One common issue I see when looking at small business Google Ads campaigns is putting all of your keywords in one ad group.  The more advanced PPC experts will always create ad groups for every search concept, as this gives you the opportunity to sculpt your message to specific keywords. You can create specific ad copy and even landing pages that speak directly to what the searcher had in mind. This tactic has shown to improve conversions and is a common practice in PPC Management and especially Google Ads.  This is something I typically stress anyway, but it becomes even more important as Google has begun restricting the ability to see the specific keywords that your paid ads show up for.  Google now classifies a growing percentage of these terms as “other” which is infuriating to people who are paying for the ads and need to see which terms are working or not working to improve their campaign efficiency.

Even More Specific Ad Groups from Day 1

ad groups as Keyword ResearchSo I have been using a tactic that takes a little more work upfront but then helps with keyword concept sculpting down the road, saving you money. It also helps your optimization score to have more specific targeting anyway. Even if ad groups have very little activity, if you make them very specific, you can identify what is succeeding and failing a little more easily without seeing the specific keywords people type in, since Google is now withholding them. Even if you serve some ad groups with the same ads (not optimal), you still have the structure set up to pause ad groups that aren’t performing. Think of the many different ways to break down your core keyword target concept.  There are usually different words because of synonyms, but also types of modifiers that would go along that can be broken into ad groups. Here are a few additional combinations to consider for their own ad groups. These ideas combined with your core ad group search concept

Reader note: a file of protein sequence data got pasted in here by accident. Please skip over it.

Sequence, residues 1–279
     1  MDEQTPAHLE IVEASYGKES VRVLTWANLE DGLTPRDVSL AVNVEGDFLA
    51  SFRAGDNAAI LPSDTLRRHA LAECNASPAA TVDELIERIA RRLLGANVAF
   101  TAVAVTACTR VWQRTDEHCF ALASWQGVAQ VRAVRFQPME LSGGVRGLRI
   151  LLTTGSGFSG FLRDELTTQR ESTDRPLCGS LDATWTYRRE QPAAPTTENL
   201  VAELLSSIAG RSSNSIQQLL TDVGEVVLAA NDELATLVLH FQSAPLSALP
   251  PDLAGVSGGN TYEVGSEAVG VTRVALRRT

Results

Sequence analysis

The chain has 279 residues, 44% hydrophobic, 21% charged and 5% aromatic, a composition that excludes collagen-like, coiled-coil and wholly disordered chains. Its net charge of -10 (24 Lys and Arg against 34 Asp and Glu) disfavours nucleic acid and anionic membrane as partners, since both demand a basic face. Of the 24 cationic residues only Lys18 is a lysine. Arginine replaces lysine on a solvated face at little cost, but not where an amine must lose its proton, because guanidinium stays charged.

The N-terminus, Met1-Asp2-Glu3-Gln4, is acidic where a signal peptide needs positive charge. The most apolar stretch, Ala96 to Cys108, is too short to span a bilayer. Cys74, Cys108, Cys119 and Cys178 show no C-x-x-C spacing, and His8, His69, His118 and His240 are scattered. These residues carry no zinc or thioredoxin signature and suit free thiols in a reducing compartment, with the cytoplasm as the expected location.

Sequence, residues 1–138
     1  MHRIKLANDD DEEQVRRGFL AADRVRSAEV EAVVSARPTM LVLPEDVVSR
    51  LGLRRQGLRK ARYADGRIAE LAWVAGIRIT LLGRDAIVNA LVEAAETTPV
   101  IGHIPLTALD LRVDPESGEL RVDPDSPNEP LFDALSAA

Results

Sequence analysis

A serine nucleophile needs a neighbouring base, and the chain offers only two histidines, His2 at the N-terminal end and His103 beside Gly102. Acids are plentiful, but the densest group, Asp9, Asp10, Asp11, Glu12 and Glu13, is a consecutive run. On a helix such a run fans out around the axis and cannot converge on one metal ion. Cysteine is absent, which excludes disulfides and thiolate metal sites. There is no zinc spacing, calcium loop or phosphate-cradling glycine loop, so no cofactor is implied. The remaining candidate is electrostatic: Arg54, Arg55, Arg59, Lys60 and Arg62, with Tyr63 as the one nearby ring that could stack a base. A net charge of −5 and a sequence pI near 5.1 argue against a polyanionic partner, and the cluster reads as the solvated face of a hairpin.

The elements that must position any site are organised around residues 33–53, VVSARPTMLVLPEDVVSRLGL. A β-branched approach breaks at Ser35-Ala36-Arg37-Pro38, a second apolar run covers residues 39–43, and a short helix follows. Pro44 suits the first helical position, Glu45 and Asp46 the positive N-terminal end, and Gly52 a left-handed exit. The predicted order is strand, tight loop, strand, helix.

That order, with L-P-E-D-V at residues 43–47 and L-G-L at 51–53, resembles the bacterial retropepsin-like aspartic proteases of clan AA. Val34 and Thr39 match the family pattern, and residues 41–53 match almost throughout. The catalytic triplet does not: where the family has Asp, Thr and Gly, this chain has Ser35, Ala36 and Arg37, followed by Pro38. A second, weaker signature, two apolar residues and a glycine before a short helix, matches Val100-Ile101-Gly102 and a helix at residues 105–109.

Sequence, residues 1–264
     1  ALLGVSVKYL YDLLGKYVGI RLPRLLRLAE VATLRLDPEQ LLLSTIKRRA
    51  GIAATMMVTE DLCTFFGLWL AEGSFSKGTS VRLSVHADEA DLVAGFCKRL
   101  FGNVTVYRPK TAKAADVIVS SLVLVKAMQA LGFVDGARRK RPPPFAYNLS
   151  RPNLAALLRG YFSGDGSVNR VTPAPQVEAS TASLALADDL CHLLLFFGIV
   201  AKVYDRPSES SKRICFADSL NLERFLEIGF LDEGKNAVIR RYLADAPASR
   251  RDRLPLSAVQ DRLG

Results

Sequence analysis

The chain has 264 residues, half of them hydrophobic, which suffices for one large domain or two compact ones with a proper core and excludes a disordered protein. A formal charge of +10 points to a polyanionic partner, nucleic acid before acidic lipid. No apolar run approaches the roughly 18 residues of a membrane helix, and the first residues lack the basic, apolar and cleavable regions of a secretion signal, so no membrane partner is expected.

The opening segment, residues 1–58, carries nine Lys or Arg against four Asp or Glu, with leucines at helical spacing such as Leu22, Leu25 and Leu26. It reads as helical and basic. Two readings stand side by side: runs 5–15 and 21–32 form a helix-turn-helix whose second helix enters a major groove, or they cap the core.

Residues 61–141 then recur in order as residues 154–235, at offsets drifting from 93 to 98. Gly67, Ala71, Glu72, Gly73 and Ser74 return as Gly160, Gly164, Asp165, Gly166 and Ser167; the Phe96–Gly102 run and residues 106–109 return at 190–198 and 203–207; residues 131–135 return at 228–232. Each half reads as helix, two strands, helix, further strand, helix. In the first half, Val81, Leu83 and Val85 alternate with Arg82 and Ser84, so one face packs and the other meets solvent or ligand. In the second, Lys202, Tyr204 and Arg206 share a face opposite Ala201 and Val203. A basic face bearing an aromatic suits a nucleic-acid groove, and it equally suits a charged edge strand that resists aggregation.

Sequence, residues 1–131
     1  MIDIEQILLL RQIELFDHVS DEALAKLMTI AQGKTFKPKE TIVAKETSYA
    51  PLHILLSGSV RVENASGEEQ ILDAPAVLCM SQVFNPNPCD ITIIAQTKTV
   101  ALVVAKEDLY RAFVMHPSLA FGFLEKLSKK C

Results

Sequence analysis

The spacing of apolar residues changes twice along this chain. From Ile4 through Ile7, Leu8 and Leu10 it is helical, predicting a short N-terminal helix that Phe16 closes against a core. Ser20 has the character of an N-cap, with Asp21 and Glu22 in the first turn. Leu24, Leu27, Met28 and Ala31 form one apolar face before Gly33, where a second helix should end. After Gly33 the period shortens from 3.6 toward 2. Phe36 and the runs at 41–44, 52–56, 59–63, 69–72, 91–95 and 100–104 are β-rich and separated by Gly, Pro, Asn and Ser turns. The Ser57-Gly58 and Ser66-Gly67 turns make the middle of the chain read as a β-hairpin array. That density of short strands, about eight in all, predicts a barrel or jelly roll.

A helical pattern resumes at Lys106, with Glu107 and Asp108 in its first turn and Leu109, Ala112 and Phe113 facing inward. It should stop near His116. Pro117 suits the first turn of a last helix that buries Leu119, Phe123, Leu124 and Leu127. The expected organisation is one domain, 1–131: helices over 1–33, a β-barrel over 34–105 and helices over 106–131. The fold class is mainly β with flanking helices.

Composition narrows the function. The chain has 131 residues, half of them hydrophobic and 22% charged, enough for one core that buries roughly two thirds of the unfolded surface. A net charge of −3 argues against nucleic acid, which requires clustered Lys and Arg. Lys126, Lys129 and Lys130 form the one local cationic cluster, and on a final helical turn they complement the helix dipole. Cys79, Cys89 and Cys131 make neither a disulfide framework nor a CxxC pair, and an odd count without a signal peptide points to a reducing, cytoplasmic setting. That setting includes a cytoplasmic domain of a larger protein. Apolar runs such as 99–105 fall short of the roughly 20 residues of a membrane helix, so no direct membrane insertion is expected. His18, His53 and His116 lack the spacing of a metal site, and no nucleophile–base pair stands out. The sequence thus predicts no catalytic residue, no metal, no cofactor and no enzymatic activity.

• Locations: “Near me”, towns, regions can have their own ad group when combined with the core concept term.
  • Usage Types: Users may have different ways or reasons to use your product or service and may search that way. Separate into a different ad group for each.
  • Solution Types: Similar to usage types, what are the different solutions your product or service addresses. Duct tape might be needed for a number of things.  Combining the solutions with duct tape to create individual ad groups will help you understand which ones are succeeding when Google won’t show you.
  • Synonyms: Google says with keywords that they include synonyms, but if you can think of them ahead of time you can separate them.  You’d be surprised how much difference conversion rate may be between synonyms. Seems like the same thing but it can convert at a vastly different rate.
  • Typical Modifiers: Terms like “best”, “fastest”, “highest rated” may all be worth an ad group. They probably need different ad messages too, but at least separate them out so you can see which concepts you fail and succeed with.

Keep Breaking It Down

As time goes on you will see new concepts pop up that may need their own ad group. Typically this is just part of making campaigns more efficient over time, but now it is even more important as Google restricts what we see. Take back control to some degree so you can understand what is working and what isn’t. It makes it easier to pause out those that are failing too. Just one button click and that type of traffic you weren’t doing well with, is no longer using up the budget. The big spenders have been doing this for years to improve efficiency, but now it is more important than ever for small businesses to think this way to make sure they are spending on what is working.

As I finished this post I received an email from Google saying they are essentially making broad match modifier keywords and phrase matches the same thing.  This is even more restriction on advertiser control over advertising to specific searches. Scary and more to come. This is going to make countermeasures more important than ever.  Basically they stopped letting us match “exact” keywords a few years back, and now we can force a specific combination or phrase.

Google’s email stated:

“To simplify keyword match types, this new phrase match will fully replace BMM by July. Your existing BMM keywords will continue to work, and you can use phrase match keywords for new keywords you would have previously added as BMM.”